2018 Predictions

All before exit polls are opened at 5:20. See my posts below for analysis and viewing guide for House here and Senate here.

House: I predict the Dems net +40, win 235 seats to 200.

Senate: Dems 51-49. Hold all seats but Heitkamp ND. Flip NV, AZ, and TN (my upset pick). Beto falls short by 1 point.

I’ll post Governors in a minute, but I’ll say Gillum wins, Abrams goes to run-off on Dec. 4.

2018 Midterms, Part II: Senate Sanguinity

OK, I’m an optimist by nature, but I’m not crazy. I know the odds are higher that the GOP gains two Senate seats than the Democrats gain the net +2 they need to retake the Senate.

The polls and the smartest poll analyzers saw a trend over the past week: a small but decisive shift back to the Democrats. And it’s not too hard to understand why: the MAGA pipebomber and the Pittsburgh and Louisville shootings were scary as all get-out (Get Out!) and Trump doubled down on the caravan insanity. The question is whether MAGA turnout also would get pumped up by Trump’s “fascistic” fear-mongering (conservative NY Times columnist Bret Stephens used the F-word, and he’s dead right).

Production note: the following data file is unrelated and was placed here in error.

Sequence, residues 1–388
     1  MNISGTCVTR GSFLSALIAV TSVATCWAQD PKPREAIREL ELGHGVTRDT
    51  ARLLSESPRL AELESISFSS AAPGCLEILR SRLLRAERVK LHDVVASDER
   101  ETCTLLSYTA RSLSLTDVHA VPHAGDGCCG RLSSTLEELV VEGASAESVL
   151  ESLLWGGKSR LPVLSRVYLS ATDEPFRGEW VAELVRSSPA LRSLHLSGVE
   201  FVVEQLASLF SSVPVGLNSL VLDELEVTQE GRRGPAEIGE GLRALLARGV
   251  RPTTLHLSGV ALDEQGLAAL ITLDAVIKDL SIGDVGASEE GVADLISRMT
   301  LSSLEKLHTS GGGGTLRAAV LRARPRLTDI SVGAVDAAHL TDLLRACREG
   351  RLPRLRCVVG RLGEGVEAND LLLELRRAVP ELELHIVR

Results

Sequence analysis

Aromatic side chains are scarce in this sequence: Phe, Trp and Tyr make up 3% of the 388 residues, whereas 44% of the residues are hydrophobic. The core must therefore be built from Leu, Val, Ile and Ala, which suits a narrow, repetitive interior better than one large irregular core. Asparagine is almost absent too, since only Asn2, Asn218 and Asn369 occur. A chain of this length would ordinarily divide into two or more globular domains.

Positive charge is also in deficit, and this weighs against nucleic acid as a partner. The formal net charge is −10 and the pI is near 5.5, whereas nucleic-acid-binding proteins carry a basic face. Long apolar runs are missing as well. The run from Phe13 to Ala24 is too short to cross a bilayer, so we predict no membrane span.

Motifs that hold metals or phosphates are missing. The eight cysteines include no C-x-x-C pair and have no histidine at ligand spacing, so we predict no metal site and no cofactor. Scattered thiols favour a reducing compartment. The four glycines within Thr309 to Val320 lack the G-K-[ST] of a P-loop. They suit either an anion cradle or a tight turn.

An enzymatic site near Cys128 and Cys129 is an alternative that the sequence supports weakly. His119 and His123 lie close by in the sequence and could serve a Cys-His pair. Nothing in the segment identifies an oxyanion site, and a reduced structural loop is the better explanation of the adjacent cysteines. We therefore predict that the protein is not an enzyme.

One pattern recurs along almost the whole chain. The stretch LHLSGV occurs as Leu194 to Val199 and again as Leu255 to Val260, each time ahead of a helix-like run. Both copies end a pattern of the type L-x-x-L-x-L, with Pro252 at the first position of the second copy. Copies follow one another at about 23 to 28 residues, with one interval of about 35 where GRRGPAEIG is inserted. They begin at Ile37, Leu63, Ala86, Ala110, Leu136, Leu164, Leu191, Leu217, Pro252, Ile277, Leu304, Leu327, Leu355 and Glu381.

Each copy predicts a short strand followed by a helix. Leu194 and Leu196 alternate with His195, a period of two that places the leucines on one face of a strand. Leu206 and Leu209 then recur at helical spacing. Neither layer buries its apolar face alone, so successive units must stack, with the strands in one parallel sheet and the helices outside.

The point is that the polling over the past few days and last night gave me a bit more hope for Clare McCaskill in Missouri and Phil Bredesen in Tennessee.

So here’s the path:

Hold five of six contested Democratic seats (mostly in very red states), in order of likelihood: Nelson (FL), Manchin (WV), Donnelly (IN), Tester (MT), McCaskill (MO). I’m not counting on Heitkamp. But the other five have better than 50% chances on FiveThirtyEight, some a lot better, and I like the recent polling trends in favor of Dems.

Flip three of four vulnerable GOP seats: Sinema over Martha McSally in Arizona, Jacky Rosen over Dean Heller in Nevada, Phil Bredesen over Marsha Blackburn in Tennessee. I love Beto O’Rourke and loathe Ted Cruz, and I’d seriously give my left __ for this race (seriously, let me know if I can still do that before the polls close). But until that procedure is available with a side of vasectomy, I’m not betting on it.  FiveThirtyEight has both Sinema and Rosen at just over 50% chance of winning, but Bredesen and O’Rourke are at about a 20% chance. But NBC and Harris had a poll out last night showing Bredesen up 3 and tied, respetively, and I have more trust in those polls than in the recent polls by Republican firms or GOP-leaning polls. (FiveThirtyEight stopped plugging in such late polls, but I take them into account). Meanwhile, Beto’s polling has him close but not close enough. If I had to bet on one upset, I’d pick Bredesen, even though FiveThirtyEight gives him just a bit lower of a chance than Beto has.